5. I charge each of you to be wary of worldliness. I hope you will hear this as a solemn warning spoken from a heart of love. Oh the things God might do through you to serve people and to change the world! But the quickest way to lose that possibility is to substitute hours of mind-numbing television instead of reading great books. Or to get so caught up in trivialities of our culture – the latest fads and the latest bands and the latest movies – that these begin to have a greater influence on you than the light of Scripture.

Graduates, have a laser-sharp focus on being the best you can be, and be willing to let many things go – even good things – if they will keep you from your goal of growing in greater maturity, greater joy, and greater usefulness to Christ. Beware vanity fair, and instead know the callings that God has given you in each season of your life, and give your all to them. Write them down.

Right now, some of my callings are to know and love Jesus, to be a godly husband, to be a godly father, to be a faithful son to my parents and brother to my sister, to pastor a local church, to preach the gospel, to encourage and support CC directors, to care for the rising group of Challenge 1 students, and to be a faithful friend. I am foolish to let anything distract me from the joy and fulfillment that comes in those callings. In each season of your life, including this next season, know your callings, and don’t let worldliness steal your heart and mind away from them.

6. Related to that, I charge each and every one of you to strive for excellence. My fellow pastor has often said that one of his favorite verses in the whole Bible is Proverbs 22:29: “Do you see a man skilled in his work?  He will stand before kings; he will not stand before obscure men.”

At the end of the day, even if our culture despises your faith, our culture may value you and find you indispensable if you are a person who is skilled at what you do.

Strive for excellence in all things, working heartily, as unto the Lord, and you may be surprised the places God takes you in this world.  You may be surprised the influence you get to have, the witness you are privileged to bear, the people in high places you are able to stand before. Hate mediocrity – our God does nothing halfway. Rather, do all things well, to the best of your God-given ability, and watch as He blesses.

7. I charge each of you to be ready to suffer. Are you? Jesus said that all would follow Him must be ready to take up their cross. Suffering comes to all of us at some point, and it is in the fire of trial that we find out who we really are.

But this is uniquely important for you graduates because of the times in which we live. Just this week, the Gallup organization announced that American attitudes on a whole range of social issues are more liberal today than at any time in American history. You and I now live in a society that can’t tell up from down, left from right, truth from error, or good from evil. In reality, it is cruel and unloving to support and encourage moral insanity. Yet that is where we are in our culture.

We who hope to be a voice of truth and clarity are now the ones called cruel and unloving.  If you love people enough to gently speak the truth, and to firm

jn viper
This courtesy of Dan Rolfe

ly stand for truth, you will be called a bigot and a hate-mongerer. You may lose your job, or get passed over for promotion. You may lose friends and be slandered.

Do you have a backbone of steel, and do you have such a God-entranced vision of this world that you are ready to suffer when your time comes for the name of Christ?

8. I charge each of you to keep the big picture. During your time in CC, and throughout your homeschooling, your parents and directors have striven to show you the glory of God in every subject. We wanted you to see that if you learn about any subject, but don’t come away worshiping, you’ve missed the point. All things are from Him and through Him and for Him. If you lose that big picture, you will have a much smaller view of the world, and whatever you learn about anything will ultimately be a slanted knowledge, a half-knowledge.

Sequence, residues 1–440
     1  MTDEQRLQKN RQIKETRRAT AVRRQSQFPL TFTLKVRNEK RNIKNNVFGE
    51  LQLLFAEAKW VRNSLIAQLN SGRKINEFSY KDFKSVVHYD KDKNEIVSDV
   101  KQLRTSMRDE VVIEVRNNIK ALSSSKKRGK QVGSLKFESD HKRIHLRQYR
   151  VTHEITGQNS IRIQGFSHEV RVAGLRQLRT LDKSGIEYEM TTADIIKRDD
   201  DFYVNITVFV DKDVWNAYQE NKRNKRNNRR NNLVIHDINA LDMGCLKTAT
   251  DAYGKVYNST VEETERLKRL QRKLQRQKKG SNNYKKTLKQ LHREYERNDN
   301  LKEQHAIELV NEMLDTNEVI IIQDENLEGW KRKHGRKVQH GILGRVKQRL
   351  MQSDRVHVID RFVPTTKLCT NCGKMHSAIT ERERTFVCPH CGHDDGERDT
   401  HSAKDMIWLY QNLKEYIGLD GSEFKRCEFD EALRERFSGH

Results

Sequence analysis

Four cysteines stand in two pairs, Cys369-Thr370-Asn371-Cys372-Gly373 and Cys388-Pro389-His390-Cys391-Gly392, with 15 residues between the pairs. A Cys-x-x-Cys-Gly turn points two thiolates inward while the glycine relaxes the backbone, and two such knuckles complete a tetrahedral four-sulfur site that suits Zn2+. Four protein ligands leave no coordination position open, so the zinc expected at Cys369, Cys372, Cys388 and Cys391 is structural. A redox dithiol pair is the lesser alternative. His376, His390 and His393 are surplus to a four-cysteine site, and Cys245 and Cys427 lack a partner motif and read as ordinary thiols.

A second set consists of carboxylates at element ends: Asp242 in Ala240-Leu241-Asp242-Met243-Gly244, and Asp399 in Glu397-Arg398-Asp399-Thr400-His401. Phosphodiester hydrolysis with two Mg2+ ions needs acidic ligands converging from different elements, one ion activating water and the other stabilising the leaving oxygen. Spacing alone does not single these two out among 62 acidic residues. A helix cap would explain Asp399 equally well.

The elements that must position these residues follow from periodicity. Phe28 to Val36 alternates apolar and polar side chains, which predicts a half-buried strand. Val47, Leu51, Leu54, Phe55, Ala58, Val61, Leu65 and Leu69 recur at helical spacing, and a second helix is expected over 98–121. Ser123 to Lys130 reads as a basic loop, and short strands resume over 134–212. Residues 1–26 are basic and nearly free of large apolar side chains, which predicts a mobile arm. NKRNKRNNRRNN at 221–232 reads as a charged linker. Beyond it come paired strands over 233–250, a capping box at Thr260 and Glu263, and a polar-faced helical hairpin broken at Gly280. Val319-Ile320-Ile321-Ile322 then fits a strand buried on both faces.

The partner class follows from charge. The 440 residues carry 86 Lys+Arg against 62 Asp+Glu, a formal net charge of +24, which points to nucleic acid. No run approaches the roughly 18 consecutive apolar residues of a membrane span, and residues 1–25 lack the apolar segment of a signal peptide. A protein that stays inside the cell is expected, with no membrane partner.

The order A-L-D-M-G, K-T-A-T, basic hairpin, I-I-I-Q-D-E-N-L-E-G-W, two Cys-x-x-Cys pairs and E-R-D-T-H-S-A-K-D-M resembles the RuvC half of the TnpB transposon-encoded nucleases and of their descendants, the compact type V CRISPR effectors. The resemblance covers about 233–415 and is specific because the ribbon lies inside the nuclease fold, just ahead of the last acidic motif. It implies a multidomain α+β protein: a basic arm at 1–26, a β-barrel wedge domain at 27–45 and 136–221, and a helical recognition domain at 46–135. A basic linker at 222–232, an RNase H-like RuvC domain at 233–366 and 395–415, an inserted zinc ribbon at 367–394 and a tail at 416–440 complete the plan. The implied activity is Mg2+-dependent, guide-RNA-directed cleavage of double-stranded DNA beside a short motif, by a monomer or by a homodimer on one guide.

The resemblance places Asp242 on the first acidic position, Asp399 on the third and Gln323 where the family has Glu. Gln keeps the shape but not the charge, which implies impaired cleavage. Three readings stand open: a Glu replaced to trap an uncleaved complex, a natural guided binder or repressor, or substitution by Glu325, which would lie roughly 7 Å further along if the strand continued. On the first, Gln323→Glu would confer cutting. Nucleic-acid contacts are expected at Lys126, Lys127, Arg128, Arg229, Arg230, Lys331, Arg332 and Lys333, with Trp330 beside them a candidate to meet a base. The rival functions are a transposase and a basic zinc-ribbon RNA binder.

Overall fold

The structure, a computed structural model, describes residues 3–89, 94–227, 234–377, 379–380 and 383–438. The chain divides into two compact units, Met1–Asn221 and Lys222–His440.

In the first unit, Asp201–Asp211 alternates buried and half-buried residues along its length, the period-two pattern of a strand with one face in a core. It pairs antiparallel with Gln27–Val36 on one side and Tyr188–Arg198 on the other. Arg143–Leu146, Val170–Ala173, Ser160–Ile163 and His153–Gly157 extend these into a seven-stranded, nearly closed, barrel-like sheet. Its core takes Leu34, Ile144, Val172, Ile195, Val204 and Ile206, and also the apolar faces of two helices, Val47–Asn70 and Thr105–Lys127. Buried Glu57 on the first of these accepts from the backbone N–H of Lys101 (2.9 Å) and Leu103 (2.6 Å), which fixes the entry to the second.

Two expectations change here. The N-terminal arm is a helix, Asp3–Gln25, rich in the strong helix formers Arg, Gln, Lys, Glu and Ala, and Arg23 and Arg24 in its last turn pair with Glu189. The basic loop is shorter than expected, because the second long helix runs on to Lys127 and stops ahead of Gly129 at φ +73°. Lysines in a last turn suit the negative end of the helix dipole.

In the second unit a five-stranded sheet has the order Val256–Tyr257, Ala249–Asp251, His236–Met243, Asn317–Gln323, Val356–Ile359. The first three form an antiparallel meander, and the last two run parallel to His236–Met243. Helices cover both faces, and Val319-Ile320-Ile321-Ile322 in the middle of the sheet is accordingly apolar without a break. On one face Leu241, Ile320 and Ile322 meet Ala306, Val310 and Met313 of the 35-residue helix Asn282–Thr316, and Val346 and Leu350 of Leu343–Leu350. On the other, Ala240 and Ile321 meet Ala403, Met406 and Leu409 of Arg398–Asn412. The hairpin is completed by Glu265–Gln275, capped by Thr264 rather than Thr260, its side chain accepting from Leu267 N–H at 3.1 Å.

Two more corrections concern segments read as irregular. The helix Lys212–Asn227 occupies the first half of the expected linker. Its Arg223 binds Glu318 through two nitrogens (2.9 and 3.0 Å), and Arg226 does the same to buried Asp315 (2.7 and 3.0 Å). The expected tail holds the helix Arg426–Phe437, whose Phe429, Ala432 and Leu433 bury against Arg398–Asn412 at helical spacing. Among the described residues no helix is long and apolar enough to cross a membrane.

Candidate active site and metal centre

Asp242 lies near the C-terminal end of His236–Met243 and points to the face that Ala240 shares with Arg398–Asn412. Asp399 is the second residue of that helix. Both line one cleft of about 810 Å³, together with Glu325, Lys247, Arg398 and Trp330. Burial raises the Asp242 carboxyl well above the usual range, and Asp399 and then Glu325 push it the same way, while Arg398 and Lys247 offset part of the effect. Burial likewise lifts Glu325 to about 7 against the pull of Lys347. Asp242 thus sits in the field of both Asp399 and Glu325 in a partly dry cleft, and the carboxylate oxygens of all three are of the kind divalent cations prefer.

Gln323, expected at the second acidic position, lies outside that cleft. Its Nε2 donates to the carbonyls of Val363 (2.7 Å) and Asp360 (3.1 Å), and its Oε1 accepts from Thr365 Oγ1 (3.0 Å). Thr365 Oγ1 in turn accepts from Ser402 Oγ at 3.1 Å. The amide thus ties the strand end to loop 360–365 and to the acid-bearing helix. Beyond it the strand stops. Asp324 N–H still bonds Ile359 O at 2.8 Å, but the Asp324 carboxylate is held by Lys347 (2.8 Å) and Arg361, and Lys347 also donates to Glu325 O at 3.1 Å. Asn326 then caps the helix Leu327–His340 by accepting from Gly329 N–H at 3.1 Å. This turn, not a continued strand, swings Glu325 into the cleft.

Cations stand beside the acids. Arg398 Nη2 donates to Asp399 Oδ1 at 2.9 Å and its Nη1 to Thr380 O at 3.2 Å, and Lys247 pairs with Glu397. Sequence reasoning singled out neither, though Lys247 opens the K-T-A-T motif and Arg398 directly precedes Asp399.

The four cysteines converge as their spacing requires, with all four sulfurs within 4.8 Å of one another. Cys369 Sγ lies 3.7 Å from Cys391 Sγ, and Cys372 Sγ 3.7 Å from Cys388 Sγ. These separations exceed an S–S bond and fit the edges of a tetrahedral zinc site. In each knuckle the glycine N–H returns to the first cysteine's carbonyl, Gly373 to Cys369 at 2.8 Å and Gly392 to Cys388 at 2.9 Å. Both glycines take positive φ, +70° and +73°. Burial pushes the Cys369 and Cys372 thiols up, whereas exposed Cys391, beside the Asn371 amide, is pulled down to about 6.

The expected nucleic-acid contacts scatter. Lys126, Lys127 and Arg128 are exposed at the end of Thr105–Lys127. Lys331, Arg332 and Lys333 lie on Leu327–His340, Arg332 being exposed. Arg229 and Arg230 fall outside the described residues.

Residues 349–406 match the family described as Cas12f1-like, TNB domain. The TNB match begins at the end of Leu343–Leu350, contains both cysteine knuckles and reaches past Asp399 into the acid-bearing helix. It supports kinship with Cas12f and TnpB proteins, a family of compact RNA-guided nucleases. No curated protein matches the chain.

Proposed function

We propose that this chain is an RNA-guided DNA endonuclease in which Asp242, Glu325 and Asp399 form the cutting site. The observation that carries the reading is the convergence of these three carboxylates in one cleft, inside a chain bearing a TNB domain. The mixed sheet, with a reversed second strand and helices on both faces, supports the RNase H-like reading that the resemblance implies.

Also, know that this life is just the preview before the movie. Don’t lose the eternal for the things that are passing. Don’t go against your conscience, or compromise truth, or violate Scripture, for anything this world offers. It is eternity that matters most. Store up your treasures in heaven, not on earth where moth and rust destroy, and where thieves break in and steal. Use your abilities, your understanding, your skills, and your heart and mind to serve God and others, to love them. Don’t live for your own earthly pleasure. That is a wasted life and ultimately unsatisfying life.

“One life to live, ‘twill soon be past; only what’s done for Christ will last.”

Finally, 9. I charge each of you to find your highest joy and contentment in the gospel.  Graduates, if you look to your career or your future spouse or your future children to find fulfillment and lasting joy, you will be let down. If you look to sensual pleasures to bring you lasting happiness, you will find yourself in despair.  At the end of the day, you must find your joy at the only well that doesn’t run dry: the well of Christ’s love for sinners like you and me.

Every single day, marvel afresh that Jesus loves you! Every single day, run to the lover of your soul, Jesus, and share your every anxiety, your every need, your every concern. Rest in His promises that He is with you, and that He is a Good Shepherd for you, and that you are in His hands. He is working all for your good and nothing can separate you from His sovereign love. Live in the reality that your sins past, present, and future are forgiven, and that heaven is in your future no matter what today might bring.

Trusting Christ, growing in intimacy with Him, growing in your knowledge of who He is and how He loves you – this is the only unshakable foundation – the true rock on which you can stand.  From there, filled with Christ’s love for you, you will be equipped and ready to be man or woman who finds delight in excelling at serving others with the skills and abilities God has given you.

Class of 2017,

Know that we rejoice with you.

Honor your father and mother.

Be discerning about the voices you allow to speak most consistently in to your life.

Marry wisely.

Be wary of worldliness.

Strive for excellence.

Be ready to suffer.

Keep the big picture in view.

And find your highest joy and contentment in the gospel.

And may God bless each of you and do amazing things in and through you in the decades ahead.

2017 RM CC Graduation Commencement Address